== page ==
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SECRETS OF THE DEAD: Leonardo, The Man Who Saved Science

Airs Wednesday, April 5, 2017 at 10 p.m. on KPBS TV

Re-enactment of Leonardo da Vinci as an old man at his desk.

Credit: Courtesy of GA&A Productions

Above: Re-enactment of Leonardo da Vinci as an old man at his desk.

Uncover new evidence tracing many of Leonardo da Vinci’s ideas and inventions to other scientists.

Leonardo da Vinci is, of course, best known as one of the world’s greatest artists. At his death in 1519, he was famous for such masterpieces as the “Mona Lisa” and “The Last Supper.” But he was more than a painter, he was also a musician, writer, and showman. In the pages of his notebooks, written in a secretive reverse script, and unpublished for more than 400 years, we discover yet another Leonardo, the man of science.

His notebooks contain plans for hundreds of inventions that would be created hundreds of years later including the machine guns, diving suits, construction cranes, robots, flying machines, and more. Was Leonardo a genius? A prophet who anticipated the modern age by 500 years? Or was there another explanation? SECRETS OF THE DEAD “Leonardo, The Man Who Saved Science” goes in search of the answer to these questions.

Leonardo, The Man Who Saved Science: Preview

Leonardo da Vinci is well known for his inventions as well as his art. But new evidence shows that many of his ideas were realized long before he sketched them out in his notebooks — some even 1,700 years before. Was Leonardo a copycat?

One of the many inventions attributed to Leonardo is the parachute. But did he actually invent it? In 1968, researchers discovered sketches from the studio of 15th-century Italian inventor Mariano do Jacopa, known as Taccola, which were similar to Leonardo’s study for such a device.

“This drawing, the design for a parachute, is the oldest known to us and it is very similar to Leonardo’s,” says Andrea Bernardoni, historian at the Galileo Museum. “It was found in a manuscript conserved at the British Library in London. Leonardo knew manuscripts from the Sienese engineering tradition and he even refers to Taccola’s drawings in his manuscripts.”

Photo credit: Courtesy of GA&A Productions

Re-enactment of Leonardo da Vinci (standing) preparing for parachute test.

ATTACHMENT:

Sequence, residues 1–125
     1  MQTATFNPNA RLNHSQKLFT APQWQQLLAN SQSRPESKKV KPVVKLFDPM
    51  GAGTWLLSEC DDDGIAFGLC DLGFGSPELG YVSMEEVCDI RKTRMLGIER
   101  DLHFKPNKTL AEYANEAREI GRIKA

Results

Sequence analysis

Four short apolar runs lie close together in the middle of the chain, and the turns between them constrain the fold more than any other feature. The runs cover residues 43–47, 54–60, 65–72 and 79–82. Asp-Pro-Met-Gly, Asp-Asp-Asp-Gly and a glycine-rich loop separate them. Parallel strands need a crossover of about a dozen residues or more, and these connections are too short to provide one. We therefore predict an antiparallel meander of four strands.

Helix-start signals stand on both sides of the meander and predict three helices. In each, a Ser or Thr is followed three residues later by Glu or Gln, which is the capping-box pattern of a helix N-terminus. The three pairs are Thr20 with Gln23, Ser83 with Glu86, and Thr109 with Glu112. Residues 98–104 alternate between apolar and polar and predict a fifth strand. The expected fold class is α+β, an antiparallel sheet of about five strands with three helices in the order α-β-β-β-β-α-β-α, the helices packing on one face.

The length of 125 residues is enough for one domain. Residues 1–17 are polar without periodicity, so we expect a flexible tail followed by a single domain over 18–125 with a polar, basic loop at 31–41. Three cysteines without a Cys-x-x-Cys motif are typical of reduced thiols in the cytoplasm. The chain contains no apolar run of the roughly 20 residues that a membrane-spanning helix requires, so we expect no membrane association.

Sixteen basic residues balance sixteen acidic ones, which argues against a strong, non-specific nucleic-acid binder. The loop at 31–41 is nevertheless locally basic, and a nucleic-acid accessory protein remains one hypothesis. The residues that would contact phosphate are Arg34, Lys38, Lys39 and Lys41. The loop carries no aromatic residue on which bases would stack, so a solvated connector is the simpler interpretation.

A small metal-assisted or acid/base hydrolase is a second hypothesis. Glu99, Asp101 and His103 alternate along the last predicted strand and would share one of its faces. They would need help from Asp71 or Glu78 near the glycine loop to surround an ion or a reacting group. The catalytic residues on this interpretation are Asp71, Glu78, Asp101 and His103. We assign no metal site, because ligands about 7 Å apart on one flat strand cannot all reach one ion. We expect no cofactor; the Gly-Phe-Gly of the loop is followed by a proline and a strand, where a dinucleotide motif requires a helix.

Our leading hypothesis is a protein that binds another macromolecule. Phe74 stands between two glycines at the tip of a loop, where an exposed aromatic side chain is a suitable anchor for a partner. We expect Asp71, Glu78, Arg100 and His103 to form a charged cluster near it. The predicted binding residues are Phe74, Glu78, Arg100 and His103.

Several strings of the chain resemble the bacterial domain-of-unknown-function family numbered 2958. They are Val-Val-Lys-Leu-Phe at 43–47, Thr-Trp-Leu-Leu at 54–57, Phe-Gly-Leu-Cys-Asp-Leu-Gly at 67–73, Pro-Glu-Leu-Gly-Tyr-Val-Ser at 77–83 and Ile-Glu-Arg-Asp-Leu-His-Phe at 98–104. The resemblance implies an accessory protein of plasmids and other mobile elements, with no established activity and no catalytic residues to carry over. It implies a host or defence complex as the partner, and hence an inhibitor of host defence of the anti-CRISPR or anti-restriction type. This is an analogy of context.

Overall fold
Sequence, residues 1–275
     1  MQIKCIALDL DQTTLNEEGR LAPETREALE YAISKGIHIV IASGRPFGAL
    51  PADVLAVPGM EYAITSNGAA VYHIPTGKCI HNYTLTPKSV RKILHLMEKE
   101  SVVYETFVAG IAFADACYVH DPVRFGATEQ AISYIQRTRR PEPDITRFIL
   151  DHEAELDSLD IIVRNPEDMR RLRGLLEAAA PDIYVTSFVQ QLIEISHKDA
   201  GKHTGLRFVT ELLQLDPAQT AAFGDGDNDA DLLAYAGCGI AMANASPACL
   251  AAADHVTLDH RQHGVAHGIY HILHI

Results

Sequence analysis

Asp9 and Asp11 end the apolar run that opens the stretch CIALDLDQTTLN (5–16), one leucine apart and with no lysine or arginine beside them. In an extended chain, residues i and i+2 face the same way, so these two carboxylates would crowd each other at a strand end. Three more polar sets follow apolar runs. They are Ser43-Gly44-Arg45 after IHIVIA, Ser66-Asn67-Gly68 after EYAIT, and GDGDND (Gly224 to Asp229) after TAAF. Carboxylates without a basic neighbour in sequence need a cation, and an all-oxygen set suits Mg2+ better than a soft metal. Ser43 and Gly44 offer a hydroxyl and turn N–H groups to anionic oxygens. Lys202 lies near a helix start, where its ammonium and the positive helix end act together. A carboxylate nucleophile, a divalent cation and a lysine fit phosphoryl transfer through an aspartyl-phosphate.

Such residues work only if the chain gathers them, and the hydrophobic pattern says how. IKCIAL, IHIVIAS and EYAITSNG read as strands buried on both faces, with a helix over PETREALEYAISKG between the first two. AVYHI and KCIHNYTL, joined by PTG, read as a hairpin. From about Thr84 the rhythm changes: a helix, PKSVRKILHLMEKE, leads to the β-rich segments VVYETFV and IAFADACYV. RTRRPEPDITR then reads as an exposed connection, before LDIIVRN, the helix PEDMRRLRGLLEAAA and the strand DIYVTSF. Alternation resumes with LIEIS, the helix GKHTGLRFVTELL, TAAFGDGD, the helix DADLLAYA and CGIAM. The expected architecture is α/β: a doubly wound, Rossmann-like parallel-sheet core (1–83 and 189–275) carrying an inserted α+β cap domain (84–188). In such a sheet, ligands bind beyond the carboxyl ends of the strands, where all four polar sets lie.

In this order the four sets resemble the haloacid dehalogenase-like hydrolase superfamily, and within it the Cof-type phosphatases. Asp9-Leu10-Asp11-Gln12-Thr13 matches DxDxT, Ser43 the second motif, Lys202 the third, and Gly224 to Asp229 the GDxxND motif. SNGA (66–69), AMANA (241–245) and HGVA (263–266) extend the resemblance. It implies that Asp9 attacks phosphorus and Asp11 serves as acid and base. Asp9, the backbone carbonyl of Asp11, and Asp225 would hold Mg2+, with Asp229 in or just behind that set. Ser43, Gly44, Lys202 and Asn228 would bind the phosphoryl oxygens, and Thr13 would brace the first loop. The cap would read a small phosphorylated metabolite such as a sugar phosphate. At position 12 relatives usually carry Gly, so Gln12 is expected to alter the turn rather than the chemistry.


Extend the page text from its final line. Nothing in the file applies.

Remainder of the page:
Taccola, who was 70 years older than Leonardo and died the year before Leonardo was born, was an engineer of the early Renaissance and among the first to use drawings as a design tool. But just as Leonardo copied from him, Taccola’s idea is copied from a Muslim inventor, Abbas Ibn Firnas.

Knowing the parachute was not Leonardo’s original idea, why is he still considered the inventor? “The incredible thing is that Leonardo is the first to write about the material needed to make this object: cloth made of waxed flax, so that the air doesn't come through and it becomes waterproof, like the feathers of the birds,” notes Mario Taddei, technical director, Leonardo3. “For the first time, he describes how this object has to be built; he’s the only one to think about the dimensions.”

Photo credit: Courtesy of GA&A Productions

Mario Taddei, technical director, working at Leonardo3 Museum.

“Leonardo, The Man Who Saved Science,” features drawings of his most famous ideas and inventions, some of which trace their original creation to ancient Greece while others were a product of the scientific inventions of the golden age of Islamic learning. Leonardo never affirmed that his projects came from his original ideas.

Photo credit: Courtesy of GA&A Productions

Leonardo da Vinci’s drawing.

Is Leonardo just a copycat? Or, as the program suggests, did he, in reinventing ancient technology, spark a renewed interest in scientific experimentation lost in Europe during the Dark Ages until the Renaissance.

“Dealing with a problem or understanding a phenomenon for him meant to see how it is related to other phenomena,” says Fritjof Capra, historian of science. “In this way, I think, he generated what we now call the scientific method, and he single-handedly created the scientific method.”

Leonardo's anatomical drawings

First sign of Leonardo's actual practical involvement in anatomy and dissection is some wonderful, slightly eerie drawings of a skull, dateable to about 1489. Leonardo’s illustrations, as precise as his technical drawings of machines, were unequaled in accuracy until the photographic techniques of the 19th century.

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CREDITS:

Produced by GA&A Productions and THIRTEEN Productions LLC for WNET in co-production with Program33 and SAS-TV Australia in association with France Televisions. Narrator is Jay O. Sanders. Writer and director is Mark Daniels. Producer is Gioia Avvantaggiato. Executive Producer for GA&A Productions is Gioia Avvantaggiato. Executive Producers for Program33 are Fabrice Coat and Michel Spavone. Executive-in-Charge for WNET is Stephen Segaller. Executive Producer for WNET is Steve Burns. Supervising Producer for WNET is Stephanie Carter.

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